The night of the Martian super-close approach has come and gone. But Mars remains blazingly brilliant all month. And it’s not even the best thing out there.
My friend Billie-Jo tells about her recent Rhode Island beach camping trip: “My husband Randy and I just stood there gaping at that amazing array of planets – Venus, Jupiter, Saturn and Mars all in a row.” It was gratifying to see a non-astronomer so accurately aware of, and excited by, the rare display above our heads this summer. But it won’t last forever. By late fall, only Saturn and Mars will remain, with the latter too distant and tiny to draw much attention.
And it’s not just planets. Evenly spaced between those worlds are some of the zodiac’s most famous stars, with the whole thing forming a rainbow of gemstones.
Want to see it for yourself? It’s easy, if you can get to a place with an unobstructed sweep of sky to the west, south and southeast, like the Walkway over the Hudson. Or maybe you have hilltop friends with an extensive view. Or you can phone the affable Barry Knight, who might take you up on his amazing private fire tower near the Ashokan Reservoir.
The correct time is important. Before 9 p.m., Mars is too low in the southeast. After around 9:30, Venus gets too low in the west, or even sets. So, you really want to observe this thing from 9 to 9:15 p.m. Any clear night in the next few weeks will work. Rip out this page, bring it with you and just follow along.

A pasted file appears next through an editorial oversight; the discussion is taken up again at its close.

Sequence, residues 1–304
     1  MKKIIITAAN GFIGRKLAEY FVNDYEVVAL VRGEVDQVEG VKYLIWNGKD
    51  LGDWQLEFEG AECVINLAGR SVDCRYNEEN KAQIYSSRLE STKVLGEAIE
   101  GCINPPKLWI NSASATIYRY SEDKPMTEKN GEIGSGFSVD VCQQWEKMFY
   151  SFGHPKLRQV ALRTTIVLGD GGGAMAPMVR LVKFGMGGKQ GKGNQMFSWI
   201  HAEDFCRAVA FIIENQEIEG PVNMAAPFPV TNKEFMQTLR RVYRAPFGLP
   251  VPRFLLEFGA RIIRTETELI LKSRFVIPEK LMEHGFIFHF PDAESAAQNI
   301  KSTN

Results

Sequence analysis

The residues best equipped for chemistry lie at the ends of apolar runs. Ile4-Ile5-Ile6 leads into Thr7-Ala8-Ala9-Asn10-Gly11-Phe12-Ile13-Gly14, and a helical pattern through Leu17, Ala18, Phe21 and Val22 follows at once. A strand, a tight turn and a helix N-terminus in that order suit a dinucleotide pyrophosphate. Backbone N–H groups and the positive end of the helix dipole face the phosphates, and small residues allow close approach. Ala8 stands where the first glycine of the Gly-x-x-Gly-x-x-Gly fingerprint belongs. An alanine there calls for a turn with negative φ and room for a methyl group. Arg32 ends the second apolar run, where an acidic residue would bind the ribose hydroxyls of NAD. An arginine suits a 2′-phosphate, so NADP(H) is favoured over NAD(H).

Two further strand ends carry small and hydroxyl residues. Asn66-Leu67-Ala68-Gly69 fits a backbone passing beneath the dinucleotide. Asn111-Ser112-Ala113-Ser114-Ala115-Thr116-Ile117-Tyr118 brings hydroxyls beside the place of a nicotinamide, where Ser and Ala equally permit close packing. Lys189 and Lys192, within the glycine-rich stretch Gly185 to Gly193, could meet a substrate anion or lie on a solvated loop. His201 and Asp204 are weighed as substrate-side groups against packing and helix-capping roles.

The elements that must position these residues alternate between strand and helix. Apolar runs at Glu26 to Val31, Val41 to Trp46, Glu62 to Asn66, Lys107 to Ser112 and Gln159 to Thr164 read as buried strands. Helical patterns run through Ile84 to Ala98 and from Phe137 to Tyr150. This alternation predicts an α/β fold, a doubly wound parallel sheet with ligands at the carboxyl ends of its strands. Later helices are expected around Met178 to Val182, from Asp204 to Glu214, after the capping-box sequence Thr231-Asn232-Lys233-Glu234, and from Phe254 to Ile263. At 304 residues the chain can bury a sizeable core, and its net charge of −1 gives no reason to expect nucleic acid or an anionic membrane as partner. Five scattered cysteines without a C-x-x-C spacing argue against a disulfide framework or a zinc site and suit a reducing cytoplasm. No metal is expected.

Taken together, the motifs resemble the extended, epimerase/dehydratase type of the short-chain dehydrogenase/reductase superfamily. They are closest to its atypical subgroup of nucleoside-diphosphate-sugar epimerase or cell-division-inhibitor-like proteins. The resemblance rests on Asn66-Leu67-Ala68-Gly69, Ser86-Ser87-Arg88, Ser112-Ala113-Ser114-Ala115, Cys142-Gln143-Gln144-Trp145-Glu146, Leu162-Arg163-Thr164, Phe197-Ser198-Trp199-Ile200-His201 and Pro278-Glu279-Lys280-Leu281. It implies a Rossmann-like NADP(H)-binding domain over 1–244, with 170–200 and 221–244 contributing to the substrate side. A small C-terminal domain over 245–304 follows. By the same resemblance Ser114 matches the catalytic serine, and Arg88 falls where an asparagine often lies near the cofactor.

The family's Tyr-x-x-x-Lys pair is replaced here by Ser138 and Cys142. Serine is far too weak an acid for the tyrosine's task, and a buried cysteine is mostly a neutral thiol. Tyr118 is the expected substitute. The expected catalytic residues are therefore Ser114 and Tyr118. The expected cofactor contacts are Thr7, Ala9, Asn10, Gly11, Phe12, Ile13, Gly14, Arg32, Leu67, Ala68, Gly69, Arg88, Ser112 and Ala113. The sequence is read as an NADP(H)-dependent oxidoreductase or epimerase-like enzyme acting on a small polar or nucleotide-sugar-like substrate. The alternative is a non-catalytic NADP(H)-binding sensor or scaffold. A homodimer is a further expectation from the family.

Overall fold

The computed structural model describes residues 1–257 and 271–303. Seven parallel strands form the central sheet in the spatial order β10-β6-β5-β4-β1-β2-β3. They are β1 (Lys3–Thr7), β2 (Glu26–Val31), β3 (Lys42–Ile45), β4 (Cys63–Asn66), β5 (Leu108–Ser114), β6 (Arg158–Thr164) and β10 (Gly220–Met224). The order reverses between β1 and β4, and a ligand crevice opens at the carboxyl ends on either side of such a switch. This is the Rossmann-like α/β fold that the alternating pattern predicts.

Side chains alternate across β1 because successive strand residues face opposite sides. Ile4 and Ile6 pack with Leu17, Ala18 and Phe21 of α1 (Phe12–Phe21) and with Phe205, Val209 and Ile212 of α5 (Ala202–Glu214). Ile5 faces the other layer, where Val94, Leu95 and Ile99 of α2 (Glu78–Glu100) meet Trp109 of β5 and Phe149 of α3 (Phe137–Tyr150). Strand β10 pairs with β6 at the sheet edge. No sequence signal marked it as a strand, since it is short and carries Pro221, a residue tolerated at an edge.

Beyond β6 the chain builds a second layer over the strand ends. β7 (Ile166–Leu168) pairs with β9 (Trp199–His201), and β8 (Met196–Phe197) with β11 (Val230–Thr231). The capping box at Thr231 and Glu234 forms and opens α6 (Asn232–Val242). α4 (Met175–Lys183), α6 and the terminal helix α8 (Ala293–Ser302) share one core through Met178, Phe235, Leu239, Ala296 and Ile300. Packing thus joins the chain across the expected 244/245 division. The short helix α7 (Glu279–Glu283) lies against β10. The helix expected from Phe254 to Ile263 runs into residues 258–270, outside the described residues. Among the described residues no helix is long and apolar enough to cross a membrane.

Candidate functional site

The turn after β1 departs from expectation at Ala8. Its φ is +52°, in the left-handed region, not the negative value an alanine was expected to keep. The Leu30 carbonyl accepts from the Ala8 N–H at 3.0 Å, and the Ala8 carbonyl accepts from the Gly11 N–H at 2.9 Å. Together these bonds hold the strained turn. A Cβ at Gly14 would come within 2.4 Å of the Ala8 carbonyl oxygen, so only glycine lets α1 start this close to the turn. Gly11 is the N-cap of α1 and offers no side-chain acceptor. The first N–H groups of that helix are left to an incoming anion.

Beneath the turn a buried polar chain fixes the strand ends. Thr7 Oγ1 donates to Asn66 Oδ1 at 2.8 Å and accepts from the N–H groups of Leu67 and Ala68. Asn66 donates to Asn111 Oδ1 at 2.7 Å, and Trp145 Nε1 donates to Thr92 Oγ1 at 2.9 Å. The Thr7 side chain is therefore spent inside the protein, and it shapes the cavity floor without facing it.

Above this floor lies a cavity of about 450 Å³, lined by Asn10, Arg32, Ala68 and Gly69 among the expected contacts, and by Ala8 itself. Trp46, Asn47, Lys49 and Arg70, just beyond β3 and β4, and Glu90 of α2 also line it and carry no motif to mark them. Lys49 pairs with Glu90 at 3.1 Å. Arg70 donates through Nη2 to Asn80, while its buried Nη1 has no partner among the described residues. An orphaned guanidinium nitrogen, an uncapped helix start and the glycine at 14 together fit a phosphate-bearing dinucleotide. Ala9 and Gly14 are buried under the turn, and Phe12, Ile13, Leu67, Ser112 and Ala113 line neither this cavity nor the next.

Start with the brightest star above where the Sun set. There, lowish in the west, is brilliant Venus, which has been our companion for months. In the following, the word “brilliant” means one of the sky’s most dazzling “stars.” The word “bright” means less luminous, but still eyecatching.
Start your sweep to the left of Venus. You’ll be looking for a line of six bright or brilliant stars that gets slightly higher up as you look leftward, but then curves lower again, making the whole formation a kind of enormous, slightly flattened rainbow that starts leftward from Venus and ends in nearly the opposite direction of the sky.
Ready? From Venus, go left and a bit higher and you’ll see the bright-blue star Spica, Virgo’s main luminary. Continue left and slightly upward to the brilliant yellow/white Jupiter, the highest point of the rainbow. Go left and a bit lower from Jupiter, and you’ll see the bright-orange Antares, the major luminary of Scorpius. Continue left from orange Antares, and the next bright star is the colorless Saturn. (Saturn’s actually a bit higher than Antares, spoiling the perfect rainbow arc.) Continue left and lower from Saturn, and you reach the very brilliant and orange Mars.
If you counted six stars, you’ve succeeded, with four of them being planets. They’re each separated by roughly the same distance from each other. You don’t need a telescope for any of this. But if you own any-size scope lying around gathering dust, your best targets are Jupiter and Saturn.
Again, the only challenge is finding a site with an open, unobstructed view halfway around the sky from the west through the south to the southeast. If you’re nestled somewhere, you may have to move to a couple of spots, and take in pieces at a time – of this magnificent, jeweled, celestial rainbow.